Monday, March 23, 2009

Well, what exactly did you expect the Pope to say?

It is absurd to expect him to move with the times.

By Gill Hornby
Last Updated: 8:20PM GMT 23 Mar 2009

When is a crowd of a million fans, fainting in the heat and being trampled to death in excitement, a sign of unpopularity? When you are Pope Benedict XVI, that's when. Despite the fact that his week-long tour of the African continent has been playing to record numbers, the Pontiff has had nothing but criticism from the First World press. He's a "disaster", he's "out of touch with the real world", his whole operation needs "a radical shake-up".

The failures, according to his critics, lie both in his medium and his message. The present Vatican has yet to come to terms with the worldwide, 24-hour blogosphere. The press office shuts up shop for the day at three in the afternoon. No one there has got to grips with Google. Stories leap out at strange times of the day and night, and they hadn't seen any of them coming. Bless… but who can blame them? It's a rum old world in which Jade Goody reaches near-sanctification for her telepathic relationship with the media and the Pope gets rubbished because he's baffled by it.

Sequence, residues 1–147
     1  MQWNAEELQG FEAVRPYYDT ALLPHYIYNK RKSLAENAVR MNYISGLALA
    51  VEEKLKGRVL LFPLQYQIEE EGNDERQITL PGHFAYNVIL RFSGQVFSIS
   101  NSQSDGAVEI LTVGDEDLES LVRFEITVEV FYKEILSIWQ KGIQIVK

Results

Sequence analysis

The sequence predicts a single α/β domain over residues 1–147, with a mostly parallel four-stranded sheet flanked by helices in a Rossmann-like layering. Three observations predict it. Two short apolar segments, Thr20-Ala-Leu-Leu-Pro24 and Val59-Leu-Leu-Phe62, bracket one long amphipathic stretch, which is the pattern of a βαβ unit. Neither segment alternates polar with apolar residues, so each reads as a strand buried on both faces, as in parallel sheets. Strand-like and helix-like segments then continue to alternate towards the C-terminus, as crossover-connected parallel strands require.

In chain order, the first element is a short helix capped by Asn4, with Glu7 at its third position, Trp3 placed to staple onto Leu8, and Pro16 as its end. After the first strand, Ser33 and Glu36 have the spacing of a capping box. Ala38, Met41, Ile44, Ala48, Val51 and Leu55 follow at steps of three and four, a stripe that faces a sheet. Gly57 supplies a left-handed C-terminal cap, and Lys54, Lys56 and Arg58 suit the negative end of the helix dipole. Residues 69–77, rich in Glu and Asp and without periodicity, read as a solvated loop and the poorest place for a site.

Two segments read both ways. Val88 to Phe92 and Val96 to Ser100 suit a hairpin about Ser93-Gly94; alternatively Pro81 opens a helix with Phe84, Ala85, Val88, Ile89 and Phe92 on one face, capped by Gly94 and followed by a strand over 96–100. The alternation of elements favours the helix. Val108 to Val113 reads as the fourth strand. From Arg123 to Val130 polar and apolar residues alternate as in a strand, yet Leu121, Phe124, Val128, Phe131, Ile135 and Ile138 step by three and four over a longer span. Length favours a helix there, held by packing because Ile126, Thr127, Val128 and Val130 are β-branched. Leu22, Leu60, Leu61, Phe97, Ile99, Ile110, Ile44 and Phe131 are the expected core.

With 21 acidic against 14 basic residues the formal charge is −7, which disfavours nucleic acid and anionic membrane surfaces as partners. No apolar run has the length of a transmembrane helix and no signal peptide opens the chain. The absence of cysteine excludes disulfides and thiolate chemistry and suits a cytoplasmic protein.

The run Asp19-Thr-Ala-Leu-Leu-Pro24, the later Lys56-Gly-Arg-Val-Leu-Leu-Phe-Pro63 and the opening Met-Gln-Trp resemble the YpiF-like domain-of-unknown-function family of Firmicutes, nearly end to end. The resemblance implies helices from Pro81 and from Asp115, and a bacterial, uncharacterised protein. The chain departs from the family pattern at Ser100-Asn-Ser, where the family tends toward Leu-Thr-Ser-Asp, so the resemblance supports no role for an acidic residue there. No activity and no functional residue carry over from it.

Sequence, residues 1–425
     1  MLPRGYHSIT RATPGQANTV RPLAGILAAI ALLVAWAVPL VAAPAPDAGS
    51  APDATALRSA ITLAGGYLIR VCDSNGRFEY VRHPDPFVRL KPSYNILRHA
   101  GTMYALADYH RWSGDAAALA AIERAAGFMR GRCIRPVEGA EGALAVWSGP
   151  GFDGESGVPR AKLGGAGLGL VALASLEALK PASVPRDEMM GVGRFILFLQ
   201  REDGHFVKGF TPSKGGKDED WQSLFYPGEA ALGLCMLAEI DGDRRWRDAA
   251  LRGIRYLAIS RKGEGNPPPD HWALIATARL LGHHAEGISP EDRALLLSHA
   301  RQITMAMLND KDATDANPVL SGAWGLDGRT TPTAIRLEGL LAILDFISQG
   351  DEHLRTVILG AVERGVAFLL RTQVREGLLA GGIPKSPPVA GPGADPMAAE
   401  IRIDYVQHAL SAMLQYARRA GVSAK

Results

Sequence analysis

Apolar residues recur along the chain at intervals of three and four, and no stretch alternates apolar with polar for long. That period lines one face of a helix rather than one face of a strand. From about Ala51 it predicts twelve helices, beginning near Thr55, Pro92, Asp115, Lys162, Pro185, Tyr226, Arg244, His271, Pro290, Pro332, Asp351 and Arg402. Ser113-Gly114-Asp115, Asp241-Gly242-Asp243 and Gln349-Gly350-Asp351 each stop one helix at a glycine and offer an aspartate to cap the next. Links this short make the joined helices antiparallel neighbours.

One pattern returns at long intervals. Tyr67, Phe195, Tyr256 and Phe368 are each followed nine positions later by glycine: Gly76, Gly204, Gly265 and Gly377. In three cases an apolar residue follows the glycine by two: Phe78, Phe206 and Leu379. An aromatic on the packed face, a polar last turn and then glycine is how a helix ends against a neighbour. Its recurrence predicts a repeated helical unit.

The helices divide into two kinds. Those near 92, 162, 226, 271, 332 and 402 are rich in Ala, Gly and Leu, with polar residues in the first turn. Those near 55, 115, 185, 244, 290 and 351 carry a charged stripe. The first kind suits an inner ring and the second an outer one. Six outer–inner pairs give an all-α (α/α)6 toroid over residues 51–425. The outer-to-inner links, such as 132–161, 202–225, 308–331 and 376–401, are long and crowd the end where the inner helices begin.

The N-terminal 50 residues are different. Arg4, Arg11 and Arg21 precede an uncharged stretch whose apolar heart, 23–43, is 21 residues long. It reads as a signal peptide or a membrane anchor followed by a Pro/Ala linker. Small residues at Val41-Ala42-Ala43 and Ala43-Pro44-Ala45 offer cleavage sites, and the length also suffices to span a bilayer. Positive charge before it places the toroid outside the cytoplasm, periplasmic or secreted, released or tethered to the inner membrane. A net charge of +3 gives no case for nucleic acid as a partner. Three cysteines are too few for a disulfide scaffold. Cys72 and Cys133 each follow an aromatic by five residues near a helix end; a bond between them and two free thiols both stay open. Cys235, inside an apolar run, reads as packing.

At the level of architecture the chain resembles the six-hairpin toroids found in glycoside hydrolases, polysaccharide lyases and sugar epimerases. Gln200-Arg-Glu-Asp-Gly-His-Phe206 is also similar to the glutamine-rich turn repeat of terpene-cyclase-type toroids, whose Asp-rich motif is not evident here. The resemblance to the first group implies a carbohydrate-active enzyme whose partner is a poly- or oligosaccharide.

His message that Aids "cannot be overcome through the distribution of condoms, which can even aggravate the problem" has infuriated health workers the world over. But what exactly is a Pope for? Is he there to make public service announcements in accordance with current scientific thinking, or is he there to stick up for what his Church has long believed in? The relationship between Catholics and condoms was strained long before Benedict XVI got the job. Millions of Catholic couples take the independent decision to practice contraception, but that is no reason for the Pope to change what he preaches. It is absurd even to expect him to move with the times. He's a religious leader, not an interior decorator.

Pope Benedict has yet to say anything I agree with. I don't think rock music is the spawn of the devil; it seemed to me barmy to take back into the church the bishop who had denied the Holocaust; and I wouldn't dream of taking contraceptive advice from a bachelor in his seventies. But then I'm not a Catholic. The Pope, it transpires, is. Deal with it.